The plan also will close four parish grade schools at the end of this
school year. The archdiocese hopes that most of the 600 students at
those schools will move to the remaining 13 grade schools, which now
serve 3,500 children.
The plan puts into motion the second of three archdiocesan studies of
regions in the Missouri portion of the metropolitan area that have lost
many of their Catholic residents to progressively newer suburbs since
World War II. On Feb. 11, Burke announced mergers in north St. Louis
County north of Interstate 270 that will reduce the number of operating
churches to 11 from 25. Still under way is a review of parishes in
north St. Louis, the number of which has fallen greatly in the postwar
On Friday, Burke said the archdiocese will close permanently the
churches and parishes of Holy Family, Holy Innocents, Immaculate
Conception/St. Henry, Resurrection of Our Lord, St. Hedwig, St.
Aloysius Gonzaga and St. Boniface. They will merge into neighboring
Even though most parishioners suspected what was coming, Friday's news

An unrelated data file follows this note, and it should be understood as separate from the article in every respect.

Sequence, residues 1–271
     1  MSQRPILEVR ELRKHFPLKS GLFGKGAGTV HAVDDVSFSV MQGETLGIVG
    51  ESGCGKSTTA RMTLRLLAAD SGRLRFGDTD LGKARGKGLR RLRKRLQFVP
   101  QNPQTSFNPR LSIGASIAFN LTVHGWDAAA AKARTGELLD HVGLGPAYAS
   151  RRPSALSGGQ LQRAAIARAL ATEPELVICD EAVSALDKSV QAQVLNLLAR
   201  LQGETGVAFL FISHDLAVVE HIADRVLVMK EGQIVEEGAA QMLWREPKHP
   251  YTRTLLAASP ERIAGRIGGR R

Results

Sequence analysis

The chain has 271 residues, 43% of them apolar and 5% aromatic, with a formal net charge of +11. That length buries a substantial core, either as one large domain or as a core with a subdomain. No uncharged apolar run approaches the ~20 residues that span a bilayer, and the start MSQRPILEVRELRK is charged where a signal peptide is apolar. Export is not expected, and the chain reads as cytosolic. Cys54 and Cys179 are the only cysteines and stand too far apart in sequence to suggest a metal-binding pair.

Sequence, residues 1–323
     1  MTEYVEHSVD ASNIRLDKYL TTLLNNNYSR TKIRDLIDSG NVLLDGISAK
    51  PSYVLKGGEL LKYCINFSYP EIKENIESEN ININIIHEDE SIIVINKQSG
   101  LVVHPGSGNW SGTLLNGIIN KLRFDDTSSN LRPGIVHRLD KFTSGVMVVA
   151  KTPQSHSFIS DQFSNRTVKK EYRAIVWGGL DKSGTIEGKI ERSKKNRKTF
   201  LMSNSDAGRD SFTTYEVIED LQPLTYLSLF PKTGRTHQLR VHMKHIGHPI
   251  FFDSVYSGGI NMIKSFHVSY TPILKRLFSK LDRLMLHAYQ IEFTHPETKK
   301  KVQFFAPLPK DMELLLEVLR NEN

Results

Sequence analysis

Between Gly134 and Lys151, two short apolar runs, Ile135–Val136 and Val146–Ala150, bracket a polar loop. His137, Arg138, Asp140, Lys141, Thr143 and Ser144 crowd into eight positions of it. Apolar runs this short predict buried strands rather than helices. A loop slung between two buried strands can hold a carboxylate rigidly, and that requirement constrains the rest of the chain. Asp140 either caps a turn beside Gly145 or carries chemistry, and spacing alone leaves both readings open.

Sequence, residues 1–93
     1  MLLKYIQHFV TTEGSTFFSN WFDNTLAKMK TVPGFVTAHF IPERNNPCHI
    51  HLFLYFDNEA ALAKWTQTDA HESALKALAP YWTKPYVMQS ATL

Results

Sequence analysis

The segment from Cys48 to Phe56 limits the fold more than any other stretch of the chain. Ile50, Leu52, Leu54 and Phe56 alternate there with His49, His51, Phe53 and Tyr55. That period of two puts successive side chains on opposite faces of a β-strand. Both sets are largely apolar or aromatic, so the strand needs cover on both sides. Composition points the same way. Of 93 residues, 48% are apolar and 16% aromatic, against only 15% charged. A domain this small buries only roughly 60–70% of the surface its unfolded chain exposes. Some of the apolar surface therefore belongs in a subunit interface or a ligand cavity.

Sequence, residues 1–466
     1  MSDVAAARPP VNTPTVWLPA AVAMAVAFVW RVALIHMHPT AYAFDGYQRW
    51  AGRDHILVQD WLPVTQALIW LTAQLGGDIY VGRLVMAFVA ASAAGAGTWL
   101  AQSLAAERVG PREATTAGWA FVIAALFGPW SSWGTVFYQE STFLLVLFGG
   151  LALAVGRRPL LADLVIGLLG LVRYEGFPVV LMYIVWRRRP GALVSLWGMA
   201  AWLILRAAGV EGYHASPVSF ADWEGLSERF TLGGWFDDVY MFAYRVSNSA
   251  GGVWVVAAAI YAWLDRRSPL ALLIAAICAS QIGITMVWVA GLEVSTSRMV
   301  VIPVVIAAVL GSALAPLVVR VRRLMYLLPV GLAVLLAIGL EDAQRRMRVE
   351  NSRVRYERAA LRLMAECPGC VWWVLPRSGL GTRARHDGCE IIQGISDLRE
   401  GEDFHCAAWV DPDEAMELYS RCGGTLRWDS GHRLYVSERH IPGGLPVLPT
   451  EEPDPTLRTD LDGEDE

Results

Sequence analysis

hit hard. "It's as though your mother is dying and a loving aunt is
willing to take you in," said Phyllis Bilger, Resurrection's parish
council president. "We still don't want it to happen. Of course we can
go to the next parish over, but this is a loss of city living - the
ability to walk to church, to have everything close by."
At Holy Family, which survived the first cut last fall only to get the
first hint of bad news before Christmas, the mood is harsher. The
parish is south of Tower Grove Park.
"Everybody here feels like we got the shaft," said Cecilia Dooley, who
organized protests after tentative plans changed. "It's unfair to pit
one parish against another. We don't have a debt, we love this parish.
It makes no sense."
Allman said Burke reviewed Holy Family's fate one more time this week
after he met with Mayor Francis Slay, who pleaded to spare more
parishes. "But the people who crunched the numbers said (Holy Family)
just can't sustain itself," Allman said.
Holy Family and Resurrection will be merged into St. John the Baptist,